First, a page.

Better battery management could halve hybrid battery size

Sept. 10, 2012
ARPA-E is funding Eaton Corp. to reduce the size of hybrid batteries by 50% and improve its charge rate while maintaining overall vehicle performance.

The size of the battery in hybrid vehicles could be cut in half with no change in range or performance if a new ARPA-E effort comes to fruition.

Researchers at Eaton Corp.'s Innovation Center in Southfield, Mich. will work with a team from the National Renewable Energy Laboratory (NREL) on the project which is getting part of its $2.5 million funding from Dept. of Energy’s Advanced Research Projects Agency – Energy (ARPA-E).

"Battery management today uses the notion of state-of-charge and might let the battery range from 40 to 60% charged," says Eaton Manager of Intelligent Truck Vehicle Technology and Innovation Ben Saltsman. "The battery might have a large capacity but its usable energy is much smaller than its capacity." Currently vehicle makers must limit the amount of recharge current to the battery in the interest of prolonging battery life -- large charging currents heat up the battery and shorten its life. And battery life is an issue when replacements can cost car owners several thousand dollars.

Saltsman says NREL's electrochemical models of battery behavior will help optimize recharging strategies. "We aim to come up with dynamic battery controls that will allow expanding the usable state of charge," he says. "We might get a usable state-of-charge of 20 to 80% without reducing battery life."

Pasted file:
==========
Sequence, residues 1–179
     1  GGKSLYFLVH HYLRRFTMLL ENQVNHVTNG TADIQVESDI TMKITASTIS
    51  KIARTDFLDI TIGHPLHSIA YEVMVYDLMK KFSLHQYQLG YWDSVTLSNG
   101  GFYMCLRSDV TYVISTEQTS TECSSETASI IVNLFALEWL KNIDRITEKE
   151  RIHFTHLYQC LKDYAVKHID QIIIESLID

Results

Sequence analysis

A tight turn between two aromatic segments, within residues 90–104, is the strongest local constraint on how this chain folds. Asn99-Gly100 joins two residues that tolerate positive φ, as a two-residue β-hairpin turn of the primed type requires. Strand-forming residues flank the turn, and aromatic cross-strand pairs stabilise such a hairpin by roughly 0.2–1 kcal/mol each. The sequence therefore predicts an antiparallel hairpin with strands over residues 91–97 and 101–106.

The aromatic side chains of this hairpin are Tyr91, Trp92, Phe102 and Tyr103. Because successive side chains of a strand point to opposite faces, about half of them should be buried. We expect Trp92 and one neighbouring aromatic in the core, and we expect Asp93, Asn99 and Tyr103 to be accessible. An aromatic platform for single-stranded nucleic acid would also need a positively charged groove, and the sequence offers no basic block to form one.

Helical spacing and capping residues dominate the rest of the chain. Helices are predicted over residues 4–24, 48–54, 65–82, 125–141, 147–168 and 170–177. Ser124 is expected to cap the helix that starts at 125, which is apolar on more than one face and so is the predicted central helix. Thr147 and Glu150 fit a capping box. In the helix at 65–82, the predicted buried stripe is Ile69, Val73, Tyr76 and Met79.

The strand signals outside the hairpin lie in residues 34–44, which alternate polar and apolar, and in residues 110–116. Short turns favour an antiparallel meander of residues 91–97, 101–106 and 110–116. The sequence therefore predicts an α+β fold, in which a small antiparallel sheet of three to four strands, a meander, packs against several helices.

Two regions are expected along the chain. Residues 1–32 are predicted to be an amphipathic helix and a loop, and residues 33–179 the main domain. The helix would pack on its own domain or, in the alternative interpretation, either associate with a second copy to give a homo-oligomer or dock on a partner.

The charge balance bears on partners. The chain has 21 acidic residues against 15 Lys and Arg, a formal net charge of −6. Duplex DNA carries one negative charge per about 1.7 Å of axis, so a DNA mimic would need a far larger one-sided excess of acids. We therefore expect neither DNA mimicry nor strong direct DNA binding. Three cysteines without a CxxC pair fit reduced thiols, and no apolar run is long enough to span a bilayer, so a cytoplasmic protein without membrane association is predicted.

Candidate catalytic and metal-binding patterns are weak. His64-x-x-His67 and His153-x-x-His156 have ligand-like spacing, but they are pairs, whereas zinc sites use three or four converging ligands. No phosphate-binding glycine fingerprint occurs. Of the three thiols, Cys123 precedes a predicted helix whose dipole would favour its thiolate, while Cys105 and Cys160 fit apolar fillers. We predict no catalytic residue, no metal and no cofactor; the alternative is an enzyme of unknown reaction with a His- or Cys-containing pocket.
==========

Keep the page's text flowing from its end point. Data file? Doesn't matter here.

Another aspect of the work pertains to predictive powertrain controls. Conventional vehicles already use these schemes to realize features such as predictive cruise control. Here the vehicle might anticipate a coming change in terrain, such as a hill, by building up speed ahead of time in the interest of expending the least amount of energy in climbing the hill rise. But predictive powertrain control is an order of magnitude more complicated when applied to hybrids because power splits between the internal combustion engine and the electrical portion of the vehicle.

"The battery services both propulsion and the electrical loads such as A/C, and that makes predictive management of the system very difficult," says Saltsman. Eaton already has predictive controls for conventional vehicles. Saltsman says it will try to extend this work to hybrids under the ARPA-E grant in an effort to orchestrate vehicle conditions in a way that will best utilize the battery.

Also part of the effort is the development of a flexible high-voltage dc architecture as part of the brain that handles accessory load management, Saltsman says.

The whole effort is expected to take three years. The project will culminate in a hardware-in-the-loop system to be built at NREL that will be demonstrated on hills there.

Eaton's announcement of the work can be found here:

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